Adina Porat freed from ‘chained’ marriage after 8-year struggle
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Adina Porat freed from ‘chained’ marriage after 8-year struggle

Adina Porat secured a religious divorce on Jan. 7 after an 8-year struggle. (YouTube screenshot)

Adina Porat secured a Jewish religious divorce, or get, following an unprecedented campaign to pressure her husband. (YouTube screenshot)

DAYTON, Ohio (Dayton Jewish Observer) — After more than eight years of waiting, an Israeli woman was freed from her marriage after an unprecedented campaign to pressure her husband to grant her a Jewish writ of divorce, or get.

Adina Porat’s former husband, now known as Eli Shur (he went by David Porat when the couple were married), signed the get in late December, nearly two months after the New York-based Organization for the Resolution of Agunot, or ORA, held a rally near Shur’s Dayton-area home to ramp up the pressure. The divorce became official on Jan. 7.

Agunot is the Hebrew term for so-called “chained women,” wives whose husbands refuse to grant them a religious divorce.

The New York organization, which pressures husbands that refuse to grant their wives religious divorces, launched a website featuring a video about Porat that was viewed more than 68,000 times. More than 80 demonstrators — primarily from Orthodox communities across Ohio and Michigan — showed up for the Nov. 8 rally near Shur’s home in Kettering.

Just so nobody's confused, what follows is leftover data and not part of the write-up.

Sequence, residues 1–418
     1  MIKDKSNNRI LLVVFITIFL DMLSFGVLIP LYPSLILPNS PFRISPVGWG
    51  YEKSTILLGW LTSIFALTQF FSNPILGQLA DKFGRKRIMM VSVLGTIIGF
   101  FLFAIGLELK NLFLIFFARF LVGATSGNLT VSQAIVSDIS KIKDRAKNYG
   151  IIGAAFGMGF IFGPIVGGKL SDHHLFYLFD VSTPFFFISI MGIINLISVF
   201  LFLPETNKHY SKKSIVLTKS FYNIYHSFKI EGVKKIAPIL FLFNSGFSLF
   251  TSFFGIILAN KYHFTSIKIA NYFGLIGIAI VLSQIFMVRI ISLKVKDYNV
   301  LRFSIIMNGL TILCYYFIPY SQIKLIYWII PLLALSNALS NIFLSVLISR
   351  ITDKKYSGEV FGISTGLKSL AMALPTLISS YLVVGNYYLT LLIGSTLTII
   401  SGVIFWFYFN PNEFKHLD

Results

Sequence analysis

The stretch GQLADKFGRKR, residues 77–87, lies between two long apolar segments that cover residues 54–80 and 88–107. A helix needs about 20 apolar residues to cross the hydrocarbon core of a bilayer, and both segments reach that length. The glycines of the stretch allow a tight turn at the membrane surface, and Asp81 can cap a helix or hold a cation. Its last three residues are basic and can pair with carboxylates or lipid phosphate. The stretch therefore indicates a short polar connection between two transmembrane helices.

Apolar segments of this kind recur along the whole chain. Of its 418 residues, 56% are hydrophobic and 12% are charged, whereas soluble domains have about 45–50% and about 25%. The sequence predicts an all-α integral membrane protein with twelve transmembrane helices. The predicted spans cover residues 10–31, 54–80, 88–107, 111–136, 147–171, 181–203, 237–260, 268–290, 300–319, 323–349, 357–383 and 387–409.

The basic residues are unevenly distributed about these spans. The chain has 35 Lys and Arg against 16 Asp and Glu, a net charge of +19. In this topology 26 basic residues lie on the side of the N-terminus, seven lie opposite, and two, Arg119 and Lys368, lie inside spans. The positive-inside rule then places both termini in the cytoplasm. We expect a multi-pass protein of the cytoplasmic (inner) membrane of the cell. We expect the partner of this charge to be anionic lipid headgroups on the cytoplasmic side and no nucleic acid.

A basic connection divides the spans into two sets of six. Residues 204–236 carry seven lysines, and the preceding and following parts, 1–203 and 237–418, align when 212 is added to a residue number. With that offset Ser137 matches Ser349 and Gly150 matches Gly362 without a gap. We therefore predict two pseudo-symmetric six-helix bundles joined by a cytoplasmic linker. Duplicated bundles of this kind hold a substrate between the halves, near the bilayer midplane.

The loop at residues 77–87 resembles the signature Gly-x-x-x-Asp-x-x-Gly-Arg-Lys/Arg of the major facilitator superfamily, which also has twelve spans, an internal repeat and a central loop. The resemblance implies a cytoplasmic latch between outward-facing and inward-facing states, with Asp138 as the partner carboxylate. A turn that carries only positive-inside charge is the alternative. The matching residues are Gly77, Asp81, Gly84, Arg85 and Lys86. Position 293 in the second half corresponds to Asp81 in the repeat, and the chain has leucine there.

Demonstrators rally at the home of Eli Shur near Dayton, Ohio, Nov. 8, 2015. (Dayton Jewish Observer)

Demonstrators rallying at the home of Eli Shur near Dayton, Ohio, Nov. 8, 2015. (Dayton Jewish Observer)

Though ORA has staged rallies and social media campaigns in the past, its executive director, Rabbi Jeremy Stern, said this was the first time the organization has produced a video as part of its strategy.

“The video that we created went viral on Facebook and YouTube, followed up by the rally, and all the publicity of the rally,” Stern said. “All of that pressure led to the issuance of the get.”

Stern said that as part of the settlement, the group took down the website and the video and promised not to rally against Shur.

“In my life, I’m stuck in a prison,” Adina Porat said in the video. “I can’t move on, I can’t continue. The kids never had a chance to have a stepfather, a new family, and to continue on with their lives.”

According to ORA, Shur and Porat were married in Israel in 1990. He left her and their children in 2007 but refused to provide a get. He departed Israel for the United States a year later.

In 2009, the Israeli Chief Rabbinate ruled that Shur was required to give his wife a get. The following year, Shur arrived in Dayton to serve as ritual director of Beth Jacob Congregation. He had presented himself as a single man with no children.

Nearly six months into his work at Beth Jacob, ORA volunteers showed up at one of his evening classes there and urged him to sign a get for his wife. He refused. In short order, Shur was no longer employed by the synagogue. He reportedly now works as a life coach in the Dayton area.

After Shur departed Beth Jacob, the Chicago Rabbinical Council confirmed the Israeli Rabbinate’s ruling that Shur was obligated to provide his wife with a get.

ORA currently has 70 active cases, Stern said. The group has held rallies since its founding in 2002, but began employing social media a few years ago. Stern said he anticipates ORA will employ the video tactic again.

“We usually resolve about 25 cases every year and take on about 25 new cases every year,” Stern said.

The Porat case, Stern said, is the 253rd the group has resolved since its founding.

“We are elated,” Stern said. “And we are tremendously grateful to the hundreds, if not thousands of people who became active in this case — those who came to the rally and all the people who were involved in promoting this case.”

(Michelle Tedford and JTA Israel correspondent Marcy Oster contributed to this story.)